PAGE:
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 DHS News February 2014     


Help for Low-Income Prescription Drug Users

Karen Abmayer is newly in charge of the Office of Behavioral Health’s Pharmacy Benefit Program, but not new to it. She became supervisor of the program in December, after having been the assistant to the supervisor for the past 10 years.

The Pharmacy Benefit Program provides behavioral health medication to people with an adjusted gross income of up to $500 a year. The program is a “payer of last resort,” meaning that consumers cannot have prescription coverage of any sort.

Consumers must have an intake done by a Service Coordination Unit (SCU)—a DHS provider of mental health services -- to be diagnosed and to determine possible eligibility. The final eligibility determination is made by the Pharmacy Benefit Program, which also enrolls consumers. Prescriptions may only be written by a doctor affiliated with an SCU, written on an Allegheny County prescription form and filled according to the prescription program’s formulary.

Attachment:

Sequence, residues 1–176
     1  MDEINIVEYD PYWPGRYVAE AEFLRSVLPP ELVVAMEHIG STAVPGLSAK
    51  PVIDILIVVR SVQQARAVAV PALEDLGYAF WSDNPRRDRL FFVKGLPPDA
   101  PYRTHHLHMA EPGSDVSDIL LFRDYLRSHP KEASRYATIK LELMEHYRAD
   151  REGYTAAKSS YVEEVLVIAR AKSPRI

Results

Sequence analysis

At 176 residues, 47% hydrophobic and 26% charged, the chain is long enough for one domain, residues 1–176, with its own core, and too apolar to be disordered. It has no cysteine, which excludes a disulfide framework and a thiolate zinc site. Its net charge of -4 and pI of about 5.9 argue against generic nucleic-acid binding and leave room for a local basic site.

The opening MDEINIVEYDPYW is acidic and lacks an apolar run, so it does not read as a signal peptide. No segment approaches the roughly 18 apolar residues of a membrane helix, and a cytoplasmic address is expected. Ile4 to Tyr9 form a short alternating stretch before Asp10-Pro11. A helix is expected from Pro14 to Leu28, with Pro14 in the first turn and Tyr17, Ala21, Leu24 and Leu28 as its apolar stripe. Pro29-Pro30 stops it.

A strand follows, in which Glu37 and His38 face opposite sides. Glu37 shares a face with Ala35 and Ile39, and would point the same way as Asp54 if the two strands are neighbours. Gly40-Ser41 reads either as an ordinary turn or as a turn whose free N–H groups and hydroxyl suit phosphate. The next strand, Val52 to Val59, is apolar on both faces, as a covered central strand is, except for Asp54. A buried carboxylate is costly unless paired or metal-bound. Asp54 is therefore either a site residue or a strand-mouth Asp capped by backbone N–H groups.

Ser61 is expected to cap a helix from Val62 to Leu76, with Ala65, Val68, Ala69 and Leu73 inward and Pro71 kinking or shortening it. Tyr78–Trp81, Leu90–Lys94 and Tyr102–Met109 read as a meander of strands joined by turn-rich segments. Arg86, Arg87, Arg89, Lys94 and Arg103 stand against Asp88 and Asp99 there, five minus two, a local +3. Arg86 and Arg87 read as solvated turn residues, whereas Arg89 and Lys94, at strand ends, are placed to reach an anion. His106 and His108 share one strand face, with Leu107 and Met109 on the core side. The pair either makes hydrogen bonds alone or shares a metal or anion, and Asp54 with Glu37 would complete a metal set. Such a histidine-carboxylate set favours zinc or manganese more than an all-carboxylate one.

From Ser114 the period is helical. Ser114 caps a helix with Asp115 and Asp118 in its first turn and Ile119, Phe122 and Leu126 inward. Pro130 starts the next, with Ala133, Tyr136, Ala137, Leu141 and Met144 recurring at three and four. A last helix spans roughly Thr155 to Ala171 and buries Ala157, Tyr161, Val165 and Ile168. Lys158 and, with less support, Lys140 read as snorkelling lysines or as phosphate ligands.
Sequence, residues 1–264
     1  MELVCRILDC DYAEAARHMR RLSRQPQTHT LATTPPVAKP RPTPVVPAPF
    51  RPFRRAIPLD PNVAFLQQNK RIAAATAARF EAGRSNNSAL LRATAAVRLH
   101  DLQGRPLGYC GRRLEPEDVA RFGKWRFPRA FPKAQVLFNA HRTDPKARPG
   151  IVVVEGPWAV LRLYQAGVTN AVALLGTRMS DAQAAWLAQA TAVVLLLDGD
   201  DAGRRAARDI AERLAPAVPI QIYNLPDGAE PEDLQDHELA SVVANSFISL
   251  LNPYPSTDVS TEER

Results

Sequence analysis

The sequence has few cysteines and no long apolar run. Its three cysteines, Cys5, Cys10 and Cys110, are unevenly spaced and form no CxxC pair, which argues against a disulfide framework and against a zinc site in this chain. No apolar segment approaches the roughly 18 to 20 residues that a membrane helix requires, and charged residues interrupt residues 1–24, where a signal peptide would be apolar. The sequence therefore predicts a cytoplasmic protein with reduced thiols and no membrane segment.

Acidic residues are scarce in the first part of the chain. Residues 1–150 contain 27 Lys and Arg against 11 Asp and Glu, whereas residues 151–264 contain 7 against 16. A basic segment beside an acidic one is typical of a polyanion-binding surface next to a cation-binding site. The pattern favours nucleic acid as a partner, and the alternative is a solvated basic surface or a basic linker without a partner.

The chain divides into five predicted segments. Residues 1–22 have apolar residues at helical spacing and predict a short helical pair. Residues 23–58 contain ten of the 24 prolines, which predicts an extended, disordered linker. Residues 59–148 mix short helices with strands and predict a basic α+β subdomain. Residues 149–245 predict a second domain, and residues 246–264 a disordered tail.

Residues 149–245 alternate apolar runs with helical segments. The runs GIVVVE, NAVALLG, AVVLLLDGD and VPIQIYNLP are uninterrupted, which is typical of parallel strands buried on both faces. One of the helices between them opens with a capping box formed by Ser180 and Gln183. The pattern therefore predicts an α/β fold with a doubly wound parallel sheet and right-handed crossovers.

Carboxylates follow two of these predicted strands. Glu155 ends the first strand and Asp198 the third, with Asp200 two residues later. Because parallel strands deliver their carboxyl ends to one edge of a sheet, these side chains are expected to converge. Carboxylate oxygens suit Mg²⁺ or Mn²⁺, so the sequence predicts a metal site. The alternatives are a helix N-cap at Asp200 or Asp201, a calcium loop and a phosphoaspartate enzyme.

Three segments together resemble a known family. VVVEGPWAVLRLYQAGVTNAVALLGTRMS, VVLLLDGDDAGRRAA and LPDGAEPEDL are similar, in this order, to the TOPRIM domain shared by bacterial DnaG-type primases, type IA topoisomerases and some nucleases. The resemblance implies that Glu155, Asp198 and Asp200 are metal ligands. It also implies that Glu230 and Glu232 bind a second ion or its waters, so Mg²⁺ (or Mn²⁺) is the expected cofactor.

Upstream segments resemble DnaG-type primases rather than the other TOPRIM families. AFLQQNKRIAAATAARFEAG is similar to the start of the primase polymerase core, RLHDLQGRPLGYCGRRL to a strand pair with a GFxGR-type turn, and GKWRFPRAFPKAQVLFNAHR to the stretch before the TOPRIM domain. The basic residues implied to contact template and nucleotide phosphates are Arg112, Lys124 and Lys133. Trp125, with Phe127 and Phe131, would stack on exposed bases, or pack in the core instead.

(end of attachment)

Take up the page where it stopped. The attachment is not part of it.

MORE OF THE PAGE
Behavioral health diagnoses needing medication treatment can range from Attention Deficit Hyperactivity Disorder (ADHD) to severe schizophrenia.  Karen said the program currently serves about 1,200 clients. Its purpose is simple: To ensure that those who need medication get it despite income barriers.

“There is help out there,” Karen said of her major message. “Our goal is to keep people with behavioral health diagnoses provided with necessary medication to keep them functioning and productive consumers.”

For more information about the Pharmacy Benefit Program, call 412-350-7394.






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